The chairman of the Louisiana Public Service Commission on Tuesday acknowledged that he cut off testimony prior to a vote that rolled back a program that included incentives for consumers to improve their homes and buy energy-efficient appliances.
Three nonprofit groups have sued the state regulators, claiming that PSC Chairman Eric Skrmetta, of Metairie, had improperly refused in February to permit supporters to speak at a public meeting. Shortly after Skrmetta shut down testimony during that meeting, the PSC voted 3-2 to abolish the energy efficiency program that was approved on a 4-1 vote in December.
Skrmetta on Tuesday asked the five elected regulators to revisit the issue and take another vote on the “energy efficiency” program at the PSC’s next meeting on June 26. He said opponents and supporters of the program would be given an opportunity to address the PSC. The five elected regulators agreed.
Reading from a prepared statement, Skrmetta said: “It has never been my intent, nor will it ever be my intent, to deny anyone the opportunity to speak their mind before this commission. It is my intent to make sure that all testimony is conducted according to the rules of the commission.”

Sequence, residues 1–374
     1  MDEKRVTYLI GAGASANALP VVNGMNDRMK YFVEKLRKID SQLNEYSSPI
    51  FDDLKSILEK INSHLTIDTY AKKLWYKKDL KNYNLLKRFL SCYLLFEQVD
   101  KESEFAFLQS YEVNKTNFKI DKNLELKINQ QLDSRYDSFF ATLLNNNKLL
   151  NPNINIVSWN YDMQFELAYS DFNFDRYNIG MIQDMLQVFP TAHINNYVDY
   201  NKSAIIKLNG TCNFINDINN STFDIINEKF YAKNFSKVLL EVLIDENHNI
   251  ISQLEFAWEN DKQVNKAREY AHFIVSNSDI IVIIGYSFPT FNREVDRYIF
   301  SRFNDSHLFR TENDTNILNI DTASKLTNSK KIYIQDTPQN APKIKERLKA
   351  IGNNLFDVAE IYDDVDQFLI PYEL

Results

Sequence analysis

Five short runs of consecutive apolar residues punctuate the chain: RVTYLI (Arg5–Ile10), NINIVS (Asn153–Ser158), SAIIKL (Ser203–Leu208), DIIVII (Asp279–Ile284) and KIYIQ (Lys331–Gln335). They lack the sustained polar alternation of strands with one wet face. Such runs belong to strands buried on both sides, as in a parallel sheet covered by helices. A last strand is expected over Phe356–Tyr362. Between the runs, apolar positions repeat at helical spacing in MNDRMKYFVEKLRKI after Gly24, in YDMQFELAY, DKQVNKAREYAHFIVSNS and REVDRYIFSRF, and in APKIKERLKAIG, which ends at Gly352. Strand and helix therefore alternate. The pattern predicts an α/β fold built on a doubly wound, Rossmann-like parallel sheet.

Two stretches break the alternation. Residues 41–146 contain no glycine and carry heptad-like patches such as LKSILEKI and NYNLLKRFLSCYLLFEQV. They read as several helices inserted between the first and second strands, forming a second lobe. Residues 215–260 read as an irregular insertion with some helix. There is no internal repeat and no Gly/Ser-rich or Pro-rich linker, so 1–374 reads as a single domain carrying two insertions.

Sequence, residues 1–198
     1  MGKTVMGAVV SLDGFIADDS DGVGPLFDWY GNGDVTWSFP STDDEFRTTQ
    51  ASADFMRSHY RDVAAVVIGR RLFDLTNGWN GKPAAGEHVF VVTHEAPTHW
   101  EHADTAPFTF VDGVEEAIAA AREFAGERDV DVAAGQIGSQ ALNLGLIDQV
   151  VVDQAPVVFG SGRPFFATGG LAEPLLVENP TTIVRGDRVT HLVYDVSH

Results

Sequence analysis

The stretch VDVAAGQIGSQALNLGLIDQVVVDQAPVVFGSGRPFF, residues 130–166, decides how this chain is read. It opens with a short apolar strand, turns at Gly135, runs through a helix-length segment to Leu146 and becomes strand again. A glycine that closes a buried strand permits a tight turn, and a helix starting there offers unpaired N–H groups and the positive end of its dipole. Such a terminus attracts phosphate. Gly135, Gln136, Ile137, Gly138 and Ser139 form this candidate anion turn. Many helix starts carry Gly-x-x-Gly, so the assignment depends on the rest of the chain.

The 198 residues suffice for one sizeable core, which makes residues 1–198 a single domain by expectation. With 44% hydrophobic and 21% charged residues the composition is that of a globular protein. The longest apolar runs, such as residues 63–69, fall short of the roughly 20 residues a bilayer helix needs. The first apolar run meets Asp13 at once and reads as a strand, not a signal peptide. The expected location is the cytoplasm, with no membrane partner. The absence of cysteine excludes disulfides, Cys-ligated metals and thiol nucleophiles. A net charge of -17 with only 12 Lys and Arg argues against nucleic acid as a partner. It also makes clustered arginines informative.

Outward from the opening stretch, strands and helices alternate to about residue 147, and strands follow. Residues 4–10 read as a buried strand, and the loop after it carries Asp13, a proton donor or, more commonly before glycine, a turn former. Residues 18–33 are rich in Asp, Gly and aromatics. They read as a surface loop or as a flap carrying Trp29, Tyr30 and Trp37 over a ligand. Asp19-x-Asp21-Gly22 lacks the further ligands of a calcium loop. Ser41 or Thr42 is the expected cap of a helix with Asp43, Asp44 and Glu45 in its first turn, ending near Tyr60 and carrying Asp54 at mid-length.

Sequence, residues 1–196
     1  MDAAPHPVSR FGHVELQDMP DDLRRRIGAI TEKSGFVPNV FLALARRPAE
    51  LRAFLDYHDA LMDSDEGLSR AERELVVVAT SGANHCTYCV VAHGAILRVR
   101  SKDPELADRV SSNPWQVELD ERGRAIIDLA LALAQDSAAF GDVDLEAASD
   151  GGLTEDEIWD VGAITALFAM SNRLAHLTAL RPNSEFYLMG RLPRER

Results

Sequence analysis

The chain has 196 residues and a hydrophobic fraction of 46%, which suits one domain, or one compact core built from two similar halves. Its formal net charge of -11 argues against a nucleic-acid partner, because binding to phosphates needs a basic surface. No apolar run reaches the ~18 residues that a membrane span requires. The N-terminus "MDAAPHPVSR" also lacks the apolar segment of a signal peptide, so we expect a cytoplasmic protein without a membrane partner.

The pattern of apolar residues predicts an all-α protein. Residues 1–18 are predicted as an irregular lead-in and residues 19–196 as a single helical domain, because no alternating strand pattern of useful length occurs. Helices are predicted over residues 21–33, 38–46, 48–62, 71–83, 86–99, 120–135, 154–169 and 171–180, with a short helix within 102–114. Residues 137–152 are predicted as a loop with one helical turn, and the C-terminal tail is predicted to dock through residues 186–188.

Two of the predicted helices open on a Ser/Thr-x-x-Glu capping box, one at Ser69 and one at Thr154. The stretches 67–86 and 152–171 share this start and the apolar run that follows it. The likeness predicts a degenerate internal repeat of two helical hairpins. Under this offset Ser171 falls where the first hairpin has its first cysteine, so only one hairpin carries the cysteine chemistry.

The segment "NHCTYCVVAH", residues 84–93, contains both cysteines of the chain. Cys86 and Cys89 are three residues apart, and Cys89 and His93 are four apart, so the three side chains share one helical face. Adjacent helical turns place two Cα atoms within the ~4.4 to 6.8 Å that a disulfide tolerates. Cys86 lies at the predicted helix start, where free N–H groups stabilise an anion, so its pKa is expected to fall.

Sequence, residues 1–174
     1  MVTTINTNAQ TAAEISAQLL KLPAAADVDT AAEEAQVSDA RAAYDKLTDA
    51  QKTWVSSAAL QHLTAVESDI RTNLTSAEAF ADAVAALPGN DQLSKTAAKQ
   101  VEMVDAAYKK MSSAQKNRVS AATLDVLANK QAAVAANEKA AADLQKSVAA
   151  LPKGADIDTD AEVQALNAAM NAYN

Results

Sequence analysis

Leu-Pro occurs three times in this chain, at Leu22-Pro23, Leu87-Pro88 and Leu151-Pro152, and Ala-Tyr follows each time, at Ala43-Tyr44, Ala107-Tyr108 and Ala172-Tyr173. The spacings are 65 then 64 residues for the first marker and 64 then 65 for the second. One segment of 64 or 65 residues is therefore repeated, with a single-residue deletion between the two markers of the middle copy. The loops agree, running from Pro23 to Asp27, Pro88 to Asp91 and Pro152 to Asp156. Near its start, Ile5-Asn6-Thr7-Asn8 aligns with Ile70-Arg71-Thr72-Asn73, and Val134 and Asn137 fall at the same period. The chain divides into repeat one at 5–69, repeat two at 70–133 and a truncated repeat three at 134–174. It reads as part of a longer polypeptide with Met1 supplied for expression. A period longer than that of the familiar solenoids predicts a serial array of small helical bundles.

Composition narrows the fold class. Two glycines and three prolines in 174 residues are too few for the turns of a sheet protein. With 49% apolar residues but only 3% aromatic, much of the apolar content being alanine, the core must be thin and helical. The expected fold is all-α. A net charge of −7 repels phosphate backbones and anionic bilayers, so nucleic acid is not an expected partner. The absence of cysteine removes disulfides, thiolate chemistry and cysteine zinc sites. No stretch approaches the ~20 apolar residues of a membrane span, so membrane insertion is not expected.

He said he was following the agency’s rules. The rules require requests for oral argument to be submitted in writing and filed with the secretary and each commissioner five days before any final recommendation by the staff, he said.
“I didn’t make the rules, but I must enforce those rules,” Skrmetta said.
“As watchdog organizations, it was our duty to stand up for the legal rights of Louisiana citizens. These proceedings need to be transparent and allow public comment, “ said Casey DeMoss Roberts, executive director of the Alliance for Affordable Energy. “Today, the Commission sent a clear signal that the public should be a part of the process.”
The Alliance for Affordable Energy, the Sierra Club of Louisiana and the Louisiana Environmental Action Network in April filed a lawsuit in Baton Rouge’s 19th Judicial District Court, alleging that the commission improperly refused in February to permit program supporters to speak against its abolition. The move violated the state’s Open Meetings Law, according to the lawsuit petition.
The energy efficiency program was the product of an alliance between consumer groups, environmentalists, privately owned utility corporations and the major manufacturers to provide discounts for many home improvements.
Forty-six states already have adopted similar programs that provide incentives for consumers to install energy efficiency measures.
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